“But, look, Cascais is not an easy place to sail at all. I think Azzzurra will be strong, Quantum Racing always do well there and Platoon should be good too. Don’t forget also that Alegre were good in Cascais last year. And the other thing now is that there is much more posturing and manoeuvring against your nearest rivals. On the first beat you are nearly always keeping an eye on them,” Fry concludes.
The new Bronenosec was in contention for her first regatta title going into the last race last month in Puerto Sherry. They have changed to a new downwind trimmer, Russian Anton Sergeev, a Melges 32 world champion with a lot of TP52 experience.
“We need to be strong on the downwind trimming in Cascais. As usual we go with a lot of enthusiasm, but the level is very high, so as far as winning a regatta goes, we go with every intention but just keep our feet on the ground, taking it day by day and race by race. Who makes less mistakes will be the winner. Hopefully our new boat will have a little bit more in the breeze than everyone else,” says Alberto Barovier, project manager and bowman on the Bronenosec.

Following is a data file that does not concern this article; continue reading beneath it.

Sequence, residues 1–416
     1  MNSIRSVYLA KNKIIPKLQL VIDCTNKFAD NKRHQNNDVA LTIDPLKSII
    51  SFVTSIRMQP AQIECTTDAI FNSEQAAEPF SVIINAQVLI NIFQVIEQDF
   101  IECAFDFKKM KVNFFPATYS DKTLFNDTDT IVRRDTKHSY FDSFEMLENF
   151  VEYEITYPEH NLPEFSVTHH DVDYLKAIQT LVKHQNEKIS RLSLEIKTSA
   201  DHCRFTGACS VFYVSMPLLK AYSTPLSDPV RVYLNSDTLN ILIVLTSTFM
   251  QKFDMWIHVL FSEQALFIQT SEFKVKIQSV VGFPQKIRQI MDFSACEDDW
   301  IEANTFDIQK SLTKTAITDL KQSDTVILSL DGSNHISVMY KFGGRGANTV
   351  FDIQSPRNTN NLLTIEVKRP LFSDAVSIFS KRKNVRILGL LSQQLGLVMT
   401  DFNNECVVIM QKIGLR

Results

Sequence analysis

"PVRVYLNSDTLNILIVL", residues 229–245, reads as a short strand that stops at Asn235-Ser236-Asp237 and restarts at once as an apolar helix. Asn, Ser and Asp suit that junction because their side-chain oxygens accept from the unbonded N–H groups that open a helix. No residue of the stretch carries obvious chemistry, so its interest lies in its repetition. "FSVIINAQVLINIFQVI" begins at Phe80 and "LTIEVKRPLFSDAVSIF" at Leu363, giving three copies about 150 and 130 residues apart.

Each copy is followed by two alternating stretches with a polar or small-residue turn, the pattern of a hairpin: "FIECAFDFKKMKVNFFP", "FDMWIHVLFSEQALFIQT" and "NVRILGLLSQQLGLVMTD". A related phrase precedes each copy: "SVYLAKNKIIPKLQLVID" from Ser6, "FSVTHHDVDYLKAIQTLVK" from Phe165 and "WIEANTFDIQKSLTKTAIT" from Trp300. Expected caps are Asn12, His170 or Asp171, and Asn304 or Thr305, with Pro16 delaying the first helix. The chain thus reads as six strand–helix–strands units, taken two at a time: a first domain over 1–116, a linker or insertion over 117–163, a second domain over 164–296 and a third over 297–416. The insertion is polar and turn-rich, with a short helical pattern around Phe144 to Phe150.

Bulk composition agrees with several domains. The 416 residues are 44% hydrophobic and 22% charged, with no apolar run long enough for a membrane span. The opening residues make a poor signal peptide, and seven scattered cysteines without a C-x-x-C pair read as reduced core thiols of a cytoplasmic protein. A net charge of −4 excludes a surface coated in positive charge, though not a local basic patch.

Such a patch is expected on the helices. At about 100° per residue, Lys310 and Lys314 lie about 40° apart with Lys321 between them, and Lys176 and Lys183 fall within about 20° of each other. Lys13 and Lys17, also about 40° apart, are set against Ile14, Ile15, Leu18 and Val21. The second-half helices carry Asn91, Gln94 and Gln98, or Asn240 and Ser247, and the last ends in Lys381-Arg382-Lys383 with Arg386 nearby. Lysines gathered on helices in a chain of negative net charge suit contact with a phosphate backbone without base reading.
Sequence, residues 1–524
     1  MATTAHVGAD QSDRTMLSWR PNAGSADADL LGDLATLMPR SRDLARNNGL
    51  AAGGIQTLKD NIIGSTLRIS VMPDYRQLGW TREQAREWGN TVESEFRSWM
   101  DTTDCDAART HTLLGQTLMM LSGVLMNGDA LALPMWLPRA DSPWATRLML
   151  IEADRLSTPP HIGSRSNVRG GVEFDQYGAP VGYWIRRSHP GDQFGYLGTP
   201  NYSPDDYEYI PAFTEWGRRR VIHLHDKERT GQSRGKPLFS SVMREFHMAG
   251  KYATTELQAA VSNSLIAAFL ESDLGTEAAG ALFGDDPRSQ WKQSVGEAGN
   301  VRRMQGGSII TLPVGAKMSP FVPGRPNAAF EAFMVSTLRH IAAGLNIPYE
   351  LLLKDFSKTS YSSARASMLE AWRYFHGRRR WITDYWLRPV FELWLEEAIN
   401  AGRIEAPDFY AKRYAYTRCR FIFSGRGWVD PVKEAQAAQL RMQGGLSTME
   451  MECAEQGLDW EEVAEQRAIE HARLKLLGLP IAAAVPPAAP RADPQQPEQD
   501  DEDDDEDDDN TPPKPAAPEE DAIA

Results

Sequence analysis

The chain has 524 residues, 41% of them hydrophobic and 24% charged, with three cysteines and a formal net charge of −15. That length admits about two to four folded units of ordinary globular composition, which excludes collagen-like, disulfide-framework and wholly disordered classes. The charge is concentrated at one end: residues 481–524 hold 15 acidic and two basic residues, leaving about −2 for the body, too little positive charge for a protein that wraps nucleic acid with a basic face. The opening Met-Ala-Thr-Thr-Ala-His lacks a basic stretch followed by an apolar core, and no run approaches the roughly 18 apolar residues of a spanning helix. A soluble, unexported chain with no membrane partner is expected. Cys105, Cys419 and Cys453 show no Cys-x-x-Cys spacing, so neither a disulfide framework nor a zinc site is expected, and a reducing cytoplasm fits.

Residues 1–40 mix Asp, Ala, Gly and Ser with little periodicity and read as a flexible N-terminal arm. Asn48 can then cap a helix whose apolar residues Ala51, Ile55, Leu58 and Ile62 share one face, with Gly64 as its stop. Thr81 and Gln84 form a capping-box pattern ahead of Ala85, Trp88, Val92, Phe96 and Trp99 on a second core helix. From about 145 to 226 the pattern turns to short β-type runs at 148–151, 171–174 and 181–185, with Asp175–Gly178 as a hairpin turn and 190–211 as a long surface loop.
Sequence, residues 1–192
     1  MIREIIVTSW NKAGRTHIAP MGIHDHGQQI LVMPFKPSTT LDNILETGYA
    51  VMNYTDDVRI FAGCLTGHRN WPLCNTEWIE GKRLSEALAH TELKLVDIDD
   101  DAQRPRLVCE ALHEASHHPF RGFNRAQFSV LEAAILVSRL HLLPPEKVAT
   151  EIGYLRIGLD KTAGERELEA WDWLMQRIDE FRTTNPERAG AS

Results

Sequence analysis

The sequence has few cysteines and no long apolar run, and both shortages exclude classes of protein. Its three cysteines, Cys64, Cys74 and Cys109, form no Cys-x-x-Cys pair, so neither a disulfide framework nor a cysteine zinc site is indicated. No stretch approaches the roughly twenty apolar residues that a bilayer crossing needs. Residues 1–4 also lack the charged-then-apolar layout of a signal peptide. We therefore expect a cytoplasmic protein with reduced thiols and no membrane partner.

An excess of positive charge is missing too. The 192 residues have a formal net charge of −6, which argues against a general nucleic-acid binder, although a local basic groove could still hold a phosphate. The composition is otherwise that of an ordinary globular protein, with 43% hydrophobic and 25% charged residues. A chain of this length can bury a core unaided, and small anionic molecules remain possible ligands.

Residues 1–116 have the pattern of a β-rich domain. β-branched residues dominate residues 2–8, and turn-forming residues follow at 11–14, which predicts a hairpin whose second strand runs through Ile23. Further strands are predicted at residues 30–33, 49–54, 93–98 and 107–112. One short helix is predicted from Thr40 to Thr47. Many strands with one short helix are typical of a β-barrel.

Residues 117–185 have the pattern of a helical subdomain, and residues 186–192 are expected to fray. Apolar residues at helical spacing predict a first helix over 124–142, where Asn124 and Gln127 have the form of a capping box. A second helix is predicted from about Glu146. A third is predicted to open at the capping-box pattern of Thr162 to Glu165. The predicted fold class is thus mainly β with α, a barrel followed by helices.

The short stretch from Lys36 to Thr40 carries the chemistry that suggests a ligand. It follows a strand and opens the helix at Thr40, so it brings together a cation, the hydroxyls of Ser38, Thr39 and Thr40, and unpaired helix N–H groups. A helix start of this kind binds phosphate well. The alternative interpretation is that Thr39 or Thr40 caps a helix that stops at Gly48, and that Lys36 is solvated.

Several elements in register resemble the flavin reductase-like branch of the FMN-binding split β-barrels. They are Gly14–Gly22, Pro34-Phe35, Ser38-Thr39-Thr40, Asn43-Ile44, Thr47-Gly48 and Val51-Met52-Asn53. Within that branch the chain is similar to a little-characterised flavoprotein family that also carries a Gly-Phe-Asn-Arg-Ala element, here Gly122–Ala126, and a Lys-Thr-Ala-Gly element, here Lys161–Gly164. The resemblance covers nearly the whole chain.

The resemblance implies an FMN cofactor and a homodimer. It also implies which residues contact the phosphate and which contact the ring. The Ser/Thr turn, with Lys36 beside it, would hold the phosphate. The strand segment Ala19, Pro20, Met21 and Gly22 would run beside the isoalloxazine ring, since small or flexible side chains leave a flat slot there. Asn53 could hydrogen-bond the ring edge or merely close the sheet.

Both regattas this season have been won by Vrolijk designs – Platoon and Provezza, in light to moderate breezes. But the strong winds and seas in Cascais exposed some weaknesses. Rolf Vrolijk is confident their designs will profit in Portugal:
“I can only say that we are confident that the performance will be good. From what we have seen up to now the downwind performance in surfing conditions of our boats is still one of the best and the helms of the boats are dinghy sailors they do know how to push the boats in those conditions. Upwind a lot of the relative performance will depend on how well the trimmers will be able to keep the boats going in wavy conditions. It will all depend on trim, how you can de-power the boats and have a well-balanced boat to keep it going in those conditions, but to still have the high mode options.”
Racing at the Cascais 52 SUPER SERIES Sailing Week starts on Tuesday 16th July and finishes on Saturday 20th July. Track your favourite teams through state-of-the-art Virtual Eye technology supported by expert live commentary and comment. All shows will being 15 minutes before racing is due to start and can be enjoyed at www.52SUPERSERIES.com or via the app.